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Alice and ‘something more’: the drift towards European patent jurisprudence

Thambisetty, Siva (2016) Alice and ‘something more’: the drift towards European patent jurisprudence. Journal of Law and the Biosciences. ISSN 2053-9711

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Identification Number: 10.1093/jlb/lsw038


On the face of it the doctrinal lines of disagreement around subject matter eligibility in US law and the invention requirement, as it is known in Europe, could not be further apart. The US statute is silent as to what does not constitute patentable subject matter, while the European Patent Convention takes a much more formal approach. Unpatentable subject matter is listed, categorized either as things not to be regarded as inventions under Article 52(2) ; or as exceptions to patentability under a small number of umbrella contexts. Professor Burk’s incisive analysis of the two-pronged test of subject matter eligibility in Alice and its place within recent decisions by the SC is monitory in three particular aspects of direct relevance to the many decisions of the European Patent Office (EPO) on the ‘invention’ requirement. First, the use and development of a common denominator across excluded categories. Second, the seeping of patentability criteria into eligibility. Third, the nascent focus on the language of the claims which so far the US Supreme Court has declaimed. I will address each of these points in turn, comparing the direction of legal ideas around patent eligibility in both systems of law, before drawing conclusions.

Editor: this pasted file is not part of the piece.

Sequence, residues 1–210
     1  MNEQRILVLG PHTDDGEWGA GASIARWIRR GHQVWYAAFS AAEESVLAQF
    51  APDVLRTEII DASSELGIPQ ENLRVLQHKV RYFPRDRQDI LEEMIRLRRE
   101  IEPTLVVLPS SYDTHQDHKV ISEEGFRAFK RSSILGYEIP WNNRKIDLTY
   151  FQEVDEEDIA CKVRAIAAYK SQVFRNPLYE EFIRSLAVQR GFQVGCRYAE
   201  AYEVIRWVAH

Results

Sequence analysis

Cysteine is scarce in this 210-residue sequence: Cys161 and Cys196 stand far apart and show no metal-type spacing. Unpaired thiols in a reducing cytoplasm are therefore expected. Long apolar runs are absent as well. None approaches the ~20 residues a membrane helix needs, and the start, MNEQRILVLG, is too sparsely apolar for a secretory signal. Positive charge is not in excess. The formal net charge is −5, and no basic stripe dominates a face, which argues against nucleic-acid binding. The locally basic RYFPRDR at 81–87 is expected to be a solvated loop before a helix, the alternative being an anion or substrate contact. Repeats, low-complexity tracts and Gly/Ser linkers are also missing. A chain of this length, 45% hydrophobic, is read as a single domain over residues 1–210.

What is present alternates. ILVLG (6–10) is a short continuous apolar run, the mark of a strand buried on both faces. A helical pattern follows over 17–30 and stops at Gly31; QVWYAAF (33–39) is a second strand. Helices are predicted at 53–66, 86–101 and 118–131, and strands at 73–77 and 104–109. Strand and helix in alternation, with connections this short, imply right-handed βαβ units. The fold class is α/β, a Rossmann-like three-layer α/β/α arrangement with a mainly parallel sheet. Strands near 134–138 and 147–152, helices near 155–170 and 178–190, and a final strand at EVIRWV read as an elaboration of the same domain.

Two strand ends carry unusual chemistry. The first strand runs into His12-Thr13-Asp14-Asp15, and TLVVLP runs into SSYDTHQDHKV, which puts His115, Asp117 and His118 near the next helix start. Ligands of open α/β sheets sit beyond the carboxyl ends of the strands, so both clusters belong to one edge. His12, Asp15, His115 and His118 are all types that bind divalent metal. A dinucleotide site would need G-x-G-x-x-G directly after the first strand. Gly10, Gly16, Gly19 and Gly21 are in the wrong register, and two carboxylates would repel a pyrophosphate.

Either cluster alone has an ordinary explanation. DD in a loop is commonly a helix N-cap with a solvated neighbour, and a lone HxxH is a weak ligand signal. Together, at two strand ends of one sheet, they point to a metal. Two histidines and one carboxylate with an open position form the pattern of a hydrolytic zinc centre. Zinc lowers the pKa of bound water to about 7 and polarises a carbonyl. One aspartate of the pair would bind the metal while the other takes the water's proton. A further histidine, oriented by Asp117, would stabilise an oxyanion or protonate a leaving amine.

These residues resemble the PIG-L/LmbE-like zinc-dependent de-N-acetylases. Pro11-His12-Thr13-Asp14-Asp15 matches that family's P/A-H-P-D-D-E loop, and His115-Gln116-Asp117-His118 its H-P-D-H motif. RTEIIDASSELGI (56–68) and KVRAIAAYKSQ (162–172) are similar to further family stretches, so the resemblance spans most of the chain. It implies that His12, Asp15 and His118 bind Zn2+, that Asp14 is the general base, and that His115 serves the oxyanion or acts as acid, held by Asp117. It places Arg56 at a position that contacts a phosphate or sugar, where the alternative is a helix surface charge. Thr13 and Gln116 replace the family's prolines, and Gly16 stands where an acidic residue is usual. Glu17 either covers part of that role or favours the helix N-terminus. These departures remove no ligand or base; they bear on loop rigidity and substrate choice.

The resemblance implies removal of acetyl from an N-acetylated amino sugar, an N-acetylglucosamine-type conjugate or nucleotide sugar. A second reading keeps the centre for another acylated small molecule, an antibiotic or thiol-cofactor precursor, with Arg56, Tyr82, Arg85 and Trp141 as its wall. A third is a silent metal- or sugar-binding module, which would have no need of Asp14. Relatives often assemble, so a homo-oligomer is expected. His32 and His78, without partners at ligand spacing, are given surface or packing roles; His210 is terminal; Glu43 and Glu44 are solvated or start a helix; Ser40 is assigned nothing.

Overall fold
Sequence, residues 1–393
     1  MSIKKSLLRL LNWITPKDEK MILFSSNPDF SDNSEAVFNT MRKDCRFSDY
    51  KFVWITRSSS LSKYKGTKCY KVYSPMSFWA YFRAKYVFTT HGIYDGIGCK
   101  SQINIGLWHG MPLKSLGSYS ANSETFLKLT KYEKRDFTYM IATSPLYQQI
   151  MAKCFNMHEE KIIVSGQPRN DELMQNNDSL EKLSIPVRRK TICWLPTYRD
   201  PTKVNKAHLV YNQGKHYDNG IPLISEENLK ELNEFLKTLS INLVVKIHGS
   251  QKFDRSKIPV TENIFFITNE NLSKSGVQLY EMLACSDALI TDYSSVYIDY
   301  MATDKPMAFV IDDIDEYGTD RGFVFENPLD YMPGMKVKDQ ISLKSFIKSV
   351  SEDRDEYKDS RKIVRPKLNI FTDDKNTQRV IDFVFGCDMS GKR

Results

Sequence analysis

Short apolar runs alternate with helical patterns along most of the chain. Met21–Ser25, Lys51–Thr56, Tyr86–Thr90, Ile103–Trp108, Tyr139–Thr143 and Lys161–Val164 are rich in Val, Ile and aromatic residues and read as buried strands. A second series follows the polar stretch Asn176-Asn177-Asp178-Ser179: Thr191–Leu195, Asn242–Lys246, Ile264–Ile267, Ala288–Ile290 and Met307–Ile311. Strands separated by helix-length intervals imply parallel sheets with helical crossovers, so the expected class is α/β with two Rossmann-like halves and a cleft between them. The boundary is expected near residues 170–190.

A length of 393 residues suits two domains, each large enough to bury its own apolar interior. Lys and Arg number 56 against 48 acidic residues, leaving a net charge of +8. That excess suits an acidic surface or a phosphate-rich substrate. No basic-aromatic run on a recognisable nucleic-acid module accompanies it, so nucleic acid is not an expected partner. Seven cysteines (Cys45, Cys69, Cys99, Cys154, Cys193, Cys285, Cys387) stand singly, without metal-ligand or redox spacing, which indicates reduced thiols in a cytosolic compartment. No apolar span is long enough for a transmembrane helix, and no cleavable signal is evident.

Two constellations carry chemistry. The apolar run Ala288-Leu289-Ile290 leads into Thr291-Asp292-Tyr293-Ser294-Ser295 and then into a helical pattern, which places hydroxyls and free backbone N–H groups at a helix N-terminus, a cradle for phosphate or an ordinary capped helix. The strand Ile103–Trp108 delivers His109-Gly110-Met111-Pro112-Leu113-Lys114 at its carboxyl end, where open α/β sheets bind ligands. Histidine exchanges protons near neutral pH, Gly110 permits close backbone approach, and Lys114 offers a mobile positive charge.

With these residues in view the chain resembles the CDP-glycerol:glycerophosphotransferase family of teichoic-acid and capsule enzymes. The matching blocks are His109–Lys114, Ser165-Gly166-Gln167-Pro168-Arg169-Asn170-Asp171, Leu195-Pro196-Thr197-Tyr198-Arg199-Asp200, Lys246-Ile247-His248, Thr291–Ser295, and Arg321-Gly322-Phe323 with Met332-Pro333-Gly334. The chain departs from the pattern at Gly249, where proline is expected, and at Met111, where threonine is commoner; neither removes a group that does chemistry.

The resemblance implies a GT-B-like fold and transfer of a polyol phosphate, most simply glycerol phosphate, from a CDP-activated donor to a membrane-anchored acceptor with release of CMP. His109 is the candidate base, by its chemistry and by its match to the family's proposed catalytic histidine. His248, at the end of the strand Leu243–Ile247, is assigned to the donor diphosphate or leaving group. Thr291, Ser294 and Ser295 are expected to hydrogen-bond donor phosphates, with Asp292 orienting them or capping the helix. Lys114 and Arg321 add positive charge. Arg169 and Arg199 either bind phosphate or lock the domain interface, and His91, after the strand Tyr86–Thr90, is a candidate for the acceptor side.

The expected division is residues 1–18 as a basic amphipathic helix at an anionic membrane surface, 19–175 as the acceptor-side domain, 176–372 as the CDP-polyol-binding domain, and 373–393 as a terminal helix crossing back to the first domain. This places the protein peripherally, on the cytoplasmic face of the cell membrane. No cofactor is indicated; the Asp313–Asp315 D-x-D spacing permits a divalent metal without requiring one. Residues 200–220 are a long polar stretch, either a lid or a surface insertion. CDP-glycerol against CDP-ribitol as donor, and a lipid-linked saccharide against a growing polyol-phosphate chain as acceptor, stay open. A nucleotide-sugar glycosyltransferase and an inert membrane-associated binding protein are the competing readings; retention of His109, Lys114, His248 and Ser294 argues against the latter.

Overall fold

Item Type: Article
Official URL:
Additional Information: © 2016 The Author © CC BY-NC-ND 4.0
Divisions: Law
Subjects: K Law > KF United States Federal Law
K Law > KZ Law of Nations
Date Deposited: 22 Jul 2016 16:54
Last Modified: 15 Sep 2023 15:31

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